Modulation of Natural Killer Cell Activity in Peripheral Blood by Physical Exercise

Modulation of Natural Killer Cell Activity in Peripheral Blood by Physical Exercise The present study was designed to examine the effect of physical exercise on human natural killer (NK) cells. Six healthy volunteers underwent two different acute physical exercise tests with an interval of at least 1 week: (1) 60min bicycle exercise at 80% of maximal oxygen uptake (VO2max) and (2) 60 min back‐muscle training at up to 29% of VO2max; blood samples were collected before and during the last few minutes of exercise, as well as 2 h and 24 h afterwards. The NK cell activity (lysis/fixed number of mononuclear cells) increased during bicycle exercise, dropped to a minimum 2 h later and returned to pre‐exercise levels within 24 h. Back‐muscle exercise did not significantly influence NK cell activity. Plasma levels of adrenaline, noradrenaline, and cortisol were elevated during bicycling, but not during back‐muscle exercise, indicating that exercise intensity is a determinant of NK cell activity. During bicycle exercise the NK cell subset (CD 16+ cells) of mononuclear cells increased significantly. Furthermore an improved interleukin 2 (IL‐2) boosting of the NK cell activity was found during work as compared to IFN‐α and indomethacin‐enhanced NK cell activity. These results indicate that NK cells with a high IL‐2 response capacity are recruited to the peripheral blood during exercise. The decreased NK cell activity demonstrated 2 h after work was probably not due to fluctuations in size of the NK cell pool, since the proportion of CD16+ cells was normal. The finding that indomethacin fully restored the suppressed NK cell activity in vitro and the demonstration of a twofold increase in monocyte (CD20+ cells) proportions 2 h after work, strongly indicate that prostaglandins released by monocytes during the heavy physical exercise are responsible for the down‐regulation of the NK cells. http://www.deepdyve.com/assets/images/DeepDyve-Logo-lg.png Scandinavian Journal of Immunology Wiley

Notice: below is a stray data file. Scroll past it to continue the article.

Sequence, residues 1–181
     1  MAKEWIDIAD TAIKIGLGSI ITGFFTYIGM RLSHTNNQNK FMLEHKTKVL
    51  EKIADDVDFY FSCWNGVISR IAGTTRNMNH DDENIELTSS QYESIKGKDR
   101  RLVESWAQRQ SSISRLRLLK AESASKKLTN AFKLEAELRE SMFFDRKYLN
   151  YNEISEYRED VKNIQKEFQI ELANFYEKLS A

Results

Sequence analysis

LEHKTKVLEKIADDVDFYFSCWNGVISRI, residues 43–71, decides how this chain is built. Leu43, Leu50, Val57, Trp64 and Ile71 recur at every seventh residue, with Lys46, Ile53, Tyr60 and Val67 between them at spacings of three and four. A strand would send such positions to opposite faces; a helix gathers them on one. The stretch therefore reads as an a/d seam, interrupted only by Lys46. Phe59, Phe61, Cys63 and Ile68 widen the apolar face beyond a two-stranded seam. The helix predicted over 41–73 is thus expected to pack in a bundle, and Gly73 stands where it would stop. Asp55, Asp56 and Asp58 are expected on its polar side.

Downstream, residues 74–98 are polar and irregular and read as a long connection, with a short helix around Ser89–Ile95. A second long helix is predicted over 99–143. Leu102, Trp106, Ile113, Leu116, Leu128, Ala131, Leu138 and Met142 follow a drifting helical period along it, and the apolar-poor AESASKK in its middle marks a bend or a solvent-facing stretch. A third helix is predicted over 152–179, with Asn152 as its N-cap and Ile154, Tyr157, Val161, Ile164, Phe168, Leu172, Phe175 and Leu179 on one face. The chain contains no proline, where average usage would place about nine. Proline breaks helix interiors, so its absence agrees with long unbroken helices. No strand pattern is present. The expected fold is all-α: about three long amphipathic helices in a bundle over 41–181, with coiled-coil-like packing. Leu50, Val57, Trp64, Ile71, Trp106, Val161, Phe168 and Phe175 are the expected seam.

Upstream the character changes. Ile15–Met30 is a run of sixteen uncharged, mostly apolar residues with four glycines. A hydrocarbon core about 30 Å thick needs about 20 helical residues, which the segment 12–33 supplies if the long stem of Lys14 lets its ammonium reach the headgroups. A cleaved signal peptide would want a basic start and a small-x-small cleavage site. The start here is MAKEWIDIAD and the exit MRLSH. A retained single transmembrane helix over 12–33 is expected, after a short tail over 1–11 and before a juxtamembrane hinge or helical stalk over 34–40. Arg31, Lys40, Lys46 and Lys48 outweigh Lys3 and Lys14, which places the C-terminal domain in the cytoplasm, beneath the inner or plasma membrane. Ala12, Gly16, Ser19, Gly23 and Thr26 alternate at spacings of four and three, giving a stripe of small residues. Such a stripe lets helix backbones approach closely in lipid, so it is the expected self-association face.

Modulation of Natural Killer Cell Activity in Peripheral Blood by Physical Exercise

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Abstract

The present study was designed to examine the effect of physical exercise on human natural killer (NK) cells. Six healthy volunteers underwent two different acute physical exercise tests with an interval of at least 1 week: (1) 60min bicycle exercise at 80% of maximal oxygen uptake (VO2max) and (2) 60 min back‐muscle training at up to 29% of VO2max; blood samples were collected before and during the last few minutes of exercise, as well as 2 h and 24 h afterwards. The NK cell activity (lysis/fixed number of mononuclear cells) increased during bicycle exercise, dropped to a minimum 2 h later and returned to pre‐exercise levels within 24 h. Back‐muscle exercise did not significantly influence NK cell activity. Plasma levels of adrenaline, noradrenaline, and cortisol were elevated during bicycling, but not during back‐muscle exercise, indicating that exercise intensity is a determinant of NK cell activity. During bicycle exercise the NK cell subset (CD 16+ cells) of mononuclear cells increased significantly. Furthermore an improved interleukin 2 (IL‐2) boosting of the NK cell activity was found during work as compared to IFN‐α and indomethacin‐enhanced NK cell activity. These results indicate that NK cells with a high IL‐2 response capacity are recruited to the peripheral blood during exercise. The decreased NK cell activity demonstrated 2 h after work was probably not due to fluctuations in size of the NK cell pool, since the proportion of CD16+ cells was normal. The finding that indomethacin fully restored the suppressed NK cell activity in vitro and the demonstration of a twofold increase in monocyte (CD20+ cells) proportions 2 h after work, strongly indicate that prostaglandins released by monocytes during the heavy physical exercise are responsible for the down‐regulation of the NK cells.

Journal

Scandinavian Journal of ImmunologyWiley

Published: Jun 1, 1988

References

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